When Desire Nindjin joined MTN Cote d’Ivoire in 2006 after a six-year stint at EY as Financial Auditor, the world of digital financial services was still in its infancy (M-Pesa first launched in Kenya a year later). Compared with traditional financial institutions, mobile network operators (MNOs) had better market penetration and more agility to adapt to the burgeoning digital landscape.
Desire joined as Senior Manager, Revenue Assurance & Fraud Management, and soon realized that digital financial services require a new set of skills and knowledge. “Back when I started at MTN, my colleagues and I had to learn as we went along. With Digital Frontiers Institute’s courses, we can now keep up to date with the latest trends and keep our knowledge fresh”, says Desire.
He points out that there are fundamental differences in how banks and telcos operate. While banks are possibly better equipped to manage risk and fraud, MNOs always put technology first, and they have an advantage in working with big data. In mobile money, companies often need to work together, which brings interesting challenges, as well as opportunities to learn from each other.
After completing his Certificate in Digital Money, Desire joined Digital Frontiers Institute’s community of practice in Abidjan, where Danielle Dote is the facilitator. “Danielle has really been instrumental in helping the community share knowledge across different industries. We are continuously sharing new information and we are excited to be on this journey together.” As he was recently promoted to the role of General Manager Risk & Compliance, Desire hopes to put this newfound resource to good use.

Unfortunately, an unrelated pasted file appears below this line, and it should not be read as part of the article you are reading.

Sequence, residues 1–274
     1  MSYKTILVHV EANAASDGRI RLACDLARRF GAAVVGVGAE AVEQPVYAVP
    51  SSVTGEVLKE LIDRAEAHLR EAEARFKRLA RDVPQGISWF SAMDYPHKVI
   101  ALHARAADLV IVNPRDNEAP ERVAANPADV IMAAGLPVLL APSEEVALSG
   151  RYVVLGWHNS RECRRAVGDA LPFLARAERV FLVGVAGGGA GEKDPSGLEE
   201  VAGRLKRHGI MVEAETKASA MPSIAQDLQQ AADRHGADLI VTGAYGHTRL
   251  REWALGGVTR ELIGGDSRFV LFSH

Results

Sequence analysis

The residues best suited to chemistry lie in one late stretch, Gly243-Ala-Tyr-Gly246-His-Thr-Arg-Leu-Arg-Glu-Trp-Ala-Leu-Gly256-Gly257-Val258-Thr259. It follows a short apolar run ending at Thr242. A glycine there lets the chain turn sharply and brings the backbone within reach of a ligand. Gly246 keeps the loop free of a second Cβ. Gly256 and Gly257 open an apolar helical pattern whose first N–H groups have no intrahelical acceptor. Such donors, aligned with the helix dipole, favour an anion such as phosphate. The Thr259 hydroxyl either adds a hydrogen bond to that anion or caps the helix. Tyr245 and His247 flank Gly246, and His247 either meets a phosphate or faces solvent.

Desire also signed up for the Certified Digital Finance Practitioner program and hopes to be a certified DFS expert in a couple of years. The Certified Digital Finance Practitioner program is a newly established certiﬁcation built to support the emergence of a profession in the rapidly evolving digital financial services (DFS) industry. The 3-year deep-dive covers 22 digital finance courses, ranging from digital money and leading digital markets to the regulation of financial services, customers and uses of digital payments, technology and operational enablers.
“For us to really make a difference in financial inclusion, we need to be aware of what is happening in other markets. For example, how are mobile money operators in other African countries addressing the challenges of cross-border payments, or what can we learn from our Indian counterparts about digital identity? It’s also important to encourage and sensitize young students to learn the fundamentals of digital finance with DFI’s courses. This will allow them to better enter the 4th industrial revolution.
It’s only by sharing information and staying on this learning path that we can bring the solutions to our customers here in Cote d’Ivoire”, concludes Desire.